Thomas "Tomcat" Colvin is an American expat who has been joyfully living in the Philippines since 1986. He was, along with Filipino singer Binky Lampano, responsible for a blues renaissance in the Philippines in 1993, with the creation of the Newly Industrialized Combo, which specialized in "industrial-strength" blues. Later in the decade, he and Binky formed LAMPANO ALLEY, which became one of the most prominent blues bands in southeast Asia. Its 2001 qlbum SONGS FROM THE ALLEY is still recognized as the best blues album in Philippine music history. With lead singer Lampano now based in Los Angeles, the band mounts occasional reunion tours. The band has many performances available on YouTube. A Google search will uncover a lot of "hits."
Tom also formed a project band TOMCAT & THE DAWGS to record several of his original songs. While firmly rooted in the blues traditon, these songs are unlike anything else you've heard in the blues. Tomcat has uploaded these originals to this site -- and would love to hear feedback.
The song "Land of the Free" features an unusual double-tracking solo. The recording engineer realized that the two solo takes followed the same conceptual outline, though played with different notes. He played them back together as an experiment -- and the double-tracking solo became a notable feature of the mix. In this regarrd, this recording may indeed be truly unique.
"Blue Oasis" is, according to Tomcat, "Bo Diddley on safari." It's played in traditional second position -- but with a deep bend that gives the song a very different feel.
"The Day The Blues Began" is a rather naughty song, offering Tomcat's take on life in the Philippines. To understand the concept, you must understand that Filipino boys normally are circumsized at age 12, usually in groups during the summer out-of-school months by the local barber. It's an important coming-of-age tradition -- and, yes, that's the day the blues begins!
Tomcat is currently working on a revolutionary concept for teaching harmonica. Hopefully, he'll have something important to announce about that project right here. Stay tuned.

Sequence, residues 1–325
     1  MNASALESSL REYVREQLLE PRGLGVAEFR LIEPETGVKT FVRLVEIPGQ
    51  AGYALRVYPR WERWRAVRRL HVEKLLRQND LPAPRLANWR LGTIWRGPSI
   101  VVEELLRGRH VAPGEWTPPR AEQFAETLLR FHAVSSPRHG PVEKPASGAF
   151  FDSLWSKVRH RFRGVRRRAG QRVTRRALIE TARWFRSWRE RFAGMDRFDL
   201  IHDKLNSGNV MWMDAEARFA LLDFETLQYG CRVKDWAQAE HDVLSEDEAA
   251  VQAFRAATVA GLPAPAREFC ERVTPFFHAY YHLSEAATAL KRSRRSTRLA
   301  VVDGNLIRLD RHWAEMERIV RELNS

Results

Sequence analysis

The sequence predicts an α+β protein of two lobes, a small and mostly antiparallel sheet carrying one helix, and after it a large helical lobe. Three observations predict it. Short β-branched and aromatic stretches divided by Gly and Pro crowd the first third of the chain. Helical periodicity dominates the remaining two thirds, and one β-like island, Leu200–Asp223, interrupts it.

While I'm best known for my blues harmonica, I started musical life as a rebellious pianist in the mid-50's, insisting on learning how to improvise. Subsequently,I became a very active jazz drummer on the East coast. In 1960, I put together a jazz band in Charlotte, NC, with two blacks and two whites, so unuual at the time that an Los Angeles record producer invited the band to the West coast. While the other three accepted the invitation, I stayed behind.
Within a couple of years, I moved to New England, where I mostly participated in Jam sessions, even backing Chick Corea once in New Haven, well before anyone had heard of him. During these years, I studiend piano jazz improvisation with John Mehegan and big band arranging with Neil Slater. So my foundation interest is JAZZ.
In 1969, I first heard Paul Butterfield's big band. Its jazz-like style immeidately won me over. I drove immeidately to a record store and bought the Butterfield Live album -- and a couple of harmonicas. Within weeks, I sold my drum set. With no teacher and a pair of ears tuned into jazz, I came up with my own rather quirky style of playing. Quite honestly, I learned to play INCORRECTLY, but that has forged an unusal approach to the instrument. To this day, my style of playing is quite different. Maybe someday I'll reveal "the secret." Anyway, at this point, my interests turned to HARMONICA blues, with a jazz inflection.
Nowadays, I'm hearing other sounds, more acoustic, more in tune with world music. I have no idea where this will lead.